|Publication number||US4046006 A|
|Application number||US 05/594,331|
|Publication date||Sep 6, 1977|
|Filing date||Jul 9, 1975|
|Priority date||Jul 9, 1975|
|Publication number||05594331, 594331, US 4046006 A, US 4046006A, US-A-4046006, US4046006 A, US4046006A|
|Original Assignee||Alex Dufrene|
|Export Citation||BiBTeX, EndNote, RefMan|
|Patent Citations (4), Referenced by (8), Classifications (5)|
|External Links: USPTO, USPTO Assignment, Espacenet|
In flowing wells, the production is delivered from the formation to the surface through a tubing string. Tubing strings are normally fluid isolated from the well itself. This is to avoid communication of one geological formation to another. The integrity of the tubing string is quite important. After a period of time, small leaks may develop in the tubing string. One or more leaks will hamper production of the well and may create severe problems. The present invention is a pressure test apparatus which enables selected portions of the tubing string to be closed off and a pressure test run on the tubing thereabove.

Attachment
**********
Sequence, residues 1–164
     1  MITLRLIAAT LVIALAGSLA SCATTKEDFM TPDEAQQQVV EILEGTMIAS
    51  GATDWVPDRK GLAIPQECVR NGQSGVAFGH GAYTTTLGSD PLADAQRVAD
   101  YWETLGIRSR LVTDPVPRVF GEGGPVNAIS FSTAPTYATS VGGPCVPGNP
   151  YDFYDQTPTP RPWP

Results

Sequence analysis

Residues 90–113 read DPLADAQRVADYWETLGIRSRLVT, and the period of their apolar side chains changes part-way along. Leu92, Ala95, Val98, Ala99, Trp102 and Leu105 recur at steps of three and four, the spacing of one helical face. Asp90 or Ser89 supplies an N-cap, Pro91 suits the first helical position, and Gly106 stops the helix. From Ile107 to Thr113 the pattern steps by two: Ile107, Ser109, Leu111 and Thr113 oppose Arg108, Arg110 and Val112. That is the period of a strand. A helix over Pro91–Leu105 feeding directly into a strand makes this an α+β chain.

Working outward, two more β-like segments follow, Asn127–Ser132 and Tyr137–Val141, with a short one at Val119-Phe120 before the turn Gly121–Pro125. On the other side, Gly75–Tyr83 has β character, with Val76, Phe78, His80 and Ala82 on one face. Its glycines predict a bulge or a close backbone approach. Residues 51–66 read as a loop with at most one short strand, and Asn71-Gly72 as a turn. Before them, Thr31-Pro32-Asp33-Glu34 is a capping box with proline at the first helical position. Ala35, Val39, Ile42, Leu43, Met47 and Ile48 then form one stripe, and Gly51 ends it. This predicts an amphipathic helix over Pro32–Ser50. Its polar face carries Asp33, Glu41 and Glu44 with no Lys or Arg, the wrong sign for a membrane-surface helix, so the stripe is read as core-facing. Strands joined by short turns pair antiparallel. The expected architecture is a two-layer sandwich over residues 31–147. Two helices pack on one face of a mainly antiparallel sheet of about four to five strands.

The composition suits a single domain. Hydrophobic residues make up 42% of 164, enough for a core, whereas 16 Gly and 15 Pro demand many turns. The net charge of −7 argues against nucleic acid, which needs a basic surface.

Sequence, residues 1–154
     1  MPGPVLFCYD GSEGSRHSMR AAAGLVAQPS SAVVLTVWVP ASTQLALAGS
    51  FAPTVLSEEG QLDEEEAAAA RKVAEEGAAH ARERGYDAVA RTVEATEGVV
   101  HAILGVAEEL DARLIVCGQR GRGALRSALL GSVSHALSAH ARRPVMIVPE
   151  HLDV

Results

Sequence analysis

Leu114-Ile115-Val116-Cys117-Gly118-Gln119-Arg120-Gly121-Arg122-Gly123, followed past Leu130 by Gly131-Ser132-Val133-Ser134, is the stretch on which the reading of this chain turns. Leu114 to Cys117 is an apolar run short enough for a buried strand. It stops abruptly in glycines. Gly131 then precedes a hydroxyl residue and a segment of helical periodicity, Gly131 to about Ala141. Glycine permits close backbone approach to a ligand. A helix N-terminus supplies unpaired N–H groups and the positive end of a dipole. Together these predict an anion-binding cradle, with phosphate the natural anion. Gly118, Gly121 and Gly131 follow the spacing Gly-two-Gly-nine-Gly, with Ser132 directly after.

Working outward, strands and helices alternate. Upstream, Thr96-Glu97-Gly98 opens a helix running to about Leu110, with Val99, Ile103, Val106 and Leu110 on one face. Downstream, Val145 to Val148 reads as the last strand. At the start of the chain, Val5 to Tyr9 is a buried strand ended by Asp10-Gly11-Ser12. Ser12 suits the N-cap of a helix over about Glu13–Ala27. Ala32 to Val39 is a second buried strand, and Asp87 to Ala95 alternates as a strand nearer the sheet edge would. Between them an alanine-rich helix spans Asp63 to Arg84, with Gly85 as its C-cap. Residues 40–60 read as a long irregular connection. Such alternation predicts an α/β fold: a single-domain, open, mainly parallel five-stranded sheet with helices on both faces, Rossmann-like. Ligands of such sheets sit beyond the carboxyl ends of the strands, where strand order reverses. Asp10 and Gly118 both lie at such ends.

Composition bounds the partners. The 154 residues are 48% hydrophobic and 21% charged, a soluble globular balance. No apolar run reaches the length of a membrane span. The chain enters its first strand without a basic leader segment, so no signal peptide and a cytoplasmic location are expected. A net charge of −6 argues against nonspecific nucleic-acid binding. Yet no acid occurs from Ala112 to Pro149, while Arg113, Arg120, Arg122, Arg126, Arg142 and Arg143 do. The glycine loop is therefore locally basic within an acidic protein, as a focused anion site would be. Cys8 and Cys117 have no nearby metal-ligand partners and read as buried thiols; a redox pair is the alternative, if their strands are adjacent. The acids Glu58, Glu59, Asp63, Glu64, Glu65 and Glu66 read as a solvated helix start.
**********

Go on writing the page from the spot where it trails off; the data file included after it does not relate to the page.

Pressure testing of tubing strings is a preventive maintenance step which protects against catastrophic growth of leaks in a tubing string. For example, several tubing strings may be placed in a single well to communicate with different pay zones. The present invention enables testing of a tubing string at different horizons. Suppose, for example, that a tubing string is 10,000 feet long and communicates with a bottom hole zone of high pressure. It passes through two low pressure zones. Assume the well includes separate tubing strings to the low pressure zones which are isolated by suitable packer elements. Pressure from the 10,000 foot string leaked into the well may substantially cut production. However, a leak in the near vicinity of the low pressure zones will not only cut production from the high pressure zone, but the pressure may in fact overcome the low pressure zone fluid drive and reduce production from that zone almost to zero. The present invention is able to be run in a tubing string to pressure test the string. It is lowered in a string to a specified elevation. At the lowermost elevation, the device is landed at a collar and the pressure is tested. Leaks in the tubing string are indicated by failure of the string to maintain an adequate pressure level. If leaks are found, the tool is then moved up to different elevations in the string and additional tests are run. If the pressure is not held for a period of time, a leak above the tool is again indicated. The joint of tubing which leaks can thus be located by successive tests. The apparatus of the present invention can be used to take multiple readings so that pressure retention of the tubing string is observed. The rate of drop of pressure during a retention test and the depth of the tool in the string can be used to locate and estimate the size of a leak, thereby enabling repairs to the tubing string.